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The types of film used in non-digital wedding cameras

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Colour can also help capture the moment and evoke stronger memories than their black and white or sepia counterparts - in years to come you may not be able to remember what colour your table centrepieces were, but a coloured image will solve that problem straight away. For those formal shots taken just after the Service featuring the Bride, Groom and others, colour is ideal. These 'formal' shots are the most commonly requested photographs by friends and relatives, and believe me, your Mother-in-Law will want that expensive outfit she is wearing to be done full justice!


Overall, colour photographs are rightly so a popular choice, and you may regret a decision to opt against them completely. That said, virtually all images taken by guests at the Wedding on their own cameras will be in full colour, so you may have a back-up if you do.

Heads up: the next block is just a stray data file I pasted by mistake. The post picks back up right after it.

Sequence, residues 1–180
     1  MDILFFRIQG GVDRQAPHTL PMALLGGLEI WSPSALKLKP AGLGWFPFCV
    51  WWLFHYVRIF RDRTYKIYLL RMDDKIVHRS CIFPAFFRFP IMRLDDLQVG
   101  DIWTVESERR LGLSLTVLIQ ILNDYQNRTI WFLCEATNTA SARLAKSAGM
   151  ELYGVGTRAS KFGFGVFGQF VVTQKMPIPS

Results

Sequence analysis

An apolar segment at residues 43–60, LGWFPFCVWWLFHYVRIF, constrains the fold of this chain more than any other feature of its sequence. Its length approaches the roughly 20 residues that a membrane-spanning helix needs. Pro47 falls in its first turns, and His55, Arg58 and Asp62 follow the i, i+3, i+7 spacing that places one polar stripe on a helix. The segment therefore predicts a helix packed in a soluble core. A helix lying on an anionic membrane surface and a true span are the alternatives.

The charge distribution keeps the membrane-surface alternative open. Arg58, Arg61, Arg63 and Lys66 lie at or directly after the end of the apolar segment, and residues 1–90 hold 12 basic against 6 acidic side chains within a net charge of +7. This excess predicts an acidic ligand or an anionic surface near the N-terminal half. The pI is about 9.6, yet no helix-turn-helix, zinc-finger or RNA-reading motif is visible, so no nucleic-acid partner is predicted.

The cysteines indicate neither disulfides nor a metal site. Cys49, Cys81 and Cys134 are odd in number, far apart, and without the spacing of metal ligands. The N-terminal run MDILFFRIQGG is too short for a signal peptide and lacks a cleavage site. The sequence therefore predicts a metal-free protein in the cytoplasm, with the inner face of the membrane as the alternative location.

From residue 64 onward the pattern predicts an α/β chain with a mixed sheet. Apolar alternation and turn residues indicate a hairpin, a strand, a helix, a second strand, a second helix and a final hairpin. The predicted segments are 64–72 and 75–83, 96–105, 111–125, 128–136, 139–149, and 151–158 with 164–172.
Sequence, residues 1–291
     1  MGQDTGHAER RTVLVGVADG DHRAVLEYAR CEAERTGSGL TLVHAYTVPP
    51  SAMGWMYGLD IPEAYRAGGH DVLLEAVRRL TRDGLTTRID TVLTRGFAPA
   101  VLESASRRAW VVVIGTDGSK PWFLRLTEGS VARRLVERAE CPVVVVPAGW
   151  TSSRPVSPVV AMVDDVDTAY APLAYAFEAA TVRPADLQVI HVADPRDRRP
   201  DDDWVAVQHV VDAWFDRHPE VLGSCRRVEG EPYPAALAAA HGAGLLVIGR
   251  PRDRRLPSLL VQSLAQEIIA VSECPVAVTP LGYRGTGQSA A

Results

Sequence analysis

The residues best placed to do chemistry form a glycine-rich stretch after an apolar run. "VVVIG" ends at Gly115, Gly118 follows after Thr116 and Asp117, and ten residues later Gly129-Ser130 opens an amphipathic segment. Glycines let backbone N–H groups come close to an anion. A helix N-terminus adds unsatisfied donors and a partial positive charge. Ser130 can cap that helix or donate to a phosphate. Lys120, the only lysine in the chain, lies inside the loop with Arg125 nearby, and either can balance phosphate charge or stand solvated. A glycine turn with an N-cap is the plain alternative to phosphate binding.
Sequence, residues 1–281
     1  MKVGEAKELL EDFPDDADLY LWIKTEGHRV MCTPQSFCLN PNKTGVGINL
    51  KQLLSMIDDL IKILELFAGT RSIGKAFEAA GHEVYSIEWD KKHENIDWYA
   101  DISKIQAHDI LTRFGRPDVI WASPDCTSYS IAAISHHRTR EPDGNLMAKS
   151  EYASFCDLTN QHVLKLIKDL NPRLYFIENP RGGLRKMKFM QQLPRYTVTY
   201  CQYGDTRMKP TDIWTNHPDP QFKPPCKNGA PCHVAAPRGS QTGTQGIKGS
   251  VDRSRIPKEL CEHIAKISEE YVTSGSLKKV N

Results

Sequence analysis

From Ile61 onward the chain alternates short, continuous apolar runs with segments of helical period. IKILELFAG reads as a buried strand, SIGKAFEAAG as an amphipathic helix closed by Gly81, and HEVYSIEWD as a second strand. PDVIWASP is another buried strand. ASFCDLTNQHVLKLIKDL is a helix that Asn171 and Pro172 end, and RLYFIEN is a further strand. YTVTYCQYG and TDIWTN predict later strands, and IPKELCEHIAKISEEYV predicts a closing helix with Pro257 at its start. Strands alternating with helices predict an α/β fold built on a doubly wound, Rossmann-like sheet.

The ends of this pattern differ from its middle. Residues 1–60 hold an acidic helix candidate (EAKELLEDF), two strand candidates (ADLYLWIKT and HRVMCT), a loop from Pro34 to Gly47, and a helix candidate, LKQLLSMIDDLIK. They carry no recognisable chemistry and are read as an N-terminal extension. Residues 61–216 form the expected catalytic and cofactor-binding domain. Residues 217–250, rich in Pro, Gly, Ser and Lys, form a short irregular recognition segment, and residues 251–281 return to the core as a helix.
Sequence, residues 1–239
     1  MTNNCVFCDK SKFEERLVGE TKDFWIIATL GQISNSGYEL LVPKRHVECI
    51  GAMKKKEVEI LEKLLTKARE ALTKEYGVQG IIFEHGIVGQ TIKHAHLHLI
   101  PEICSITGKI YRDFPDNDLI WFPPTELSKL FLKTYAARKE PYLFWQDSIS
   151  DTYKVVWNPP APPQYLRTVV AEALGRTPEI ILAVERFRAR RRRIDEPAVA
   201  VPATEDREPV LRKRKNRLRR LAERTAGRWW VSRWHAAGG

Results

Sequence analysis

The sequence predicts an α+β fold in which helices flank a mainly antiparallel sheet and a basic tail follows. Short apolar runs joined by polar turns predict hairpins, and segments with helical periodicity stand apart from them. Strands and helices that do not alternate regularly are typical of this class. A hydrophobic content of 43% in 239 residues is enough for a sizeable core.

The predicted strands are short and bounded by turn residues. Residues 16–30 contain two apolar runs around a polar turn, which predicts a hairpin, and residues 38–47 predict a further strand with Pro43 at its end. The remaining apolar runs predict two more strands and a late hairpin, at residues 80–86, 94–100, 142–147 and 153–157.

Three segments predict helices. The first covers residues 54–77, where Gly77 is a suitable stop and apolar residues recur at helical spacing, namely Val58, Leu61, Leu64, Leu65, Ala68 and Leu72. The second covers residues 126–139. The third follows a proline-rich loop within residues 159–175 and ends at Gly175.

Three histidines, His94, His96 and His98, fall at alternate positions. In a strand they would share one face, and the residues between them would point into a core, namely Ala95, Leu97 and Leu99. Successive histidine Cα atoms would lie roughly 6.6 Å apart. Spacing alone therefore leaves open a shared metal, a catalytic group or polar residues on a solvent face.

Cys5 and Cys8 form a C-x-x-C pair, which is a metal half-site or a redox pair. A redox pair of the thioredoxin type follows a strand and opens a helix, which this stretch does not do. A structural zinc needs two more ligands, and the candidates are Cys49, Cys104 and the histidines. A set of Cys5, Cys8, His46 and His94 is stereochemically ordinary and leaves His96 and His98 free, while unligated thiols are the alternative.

Black and White

Black and White photographs are ideal for showcasing those truly emotional moments from the day. Their pure, intense imagery can encapsulate feelings and thoughts much better than full coloured images due to the fewer colours involved and the ease in processing the shot for your eye. They are more durable and have greater longevity than their coloured counterparts and their plain and simple style make it easier to focus on the subject matter.


Like sepia images, they can mask blotches, imperfections and blemishes and as a result are ideal for formal portrait shots (as well as those images of the Bride getting ready pre-Hair and Beauty treatment!).


Black and White photography is very popular and if used solely on the day will produce a visually appealing album full of tear-jerking classics. That said, and for the reasons mentioned in both the 'Full Colour' and 'Sepia' sections, there are shots which it may well be better for other colour films to capture, so it is wise to discuss this with your photographer prior to the day.


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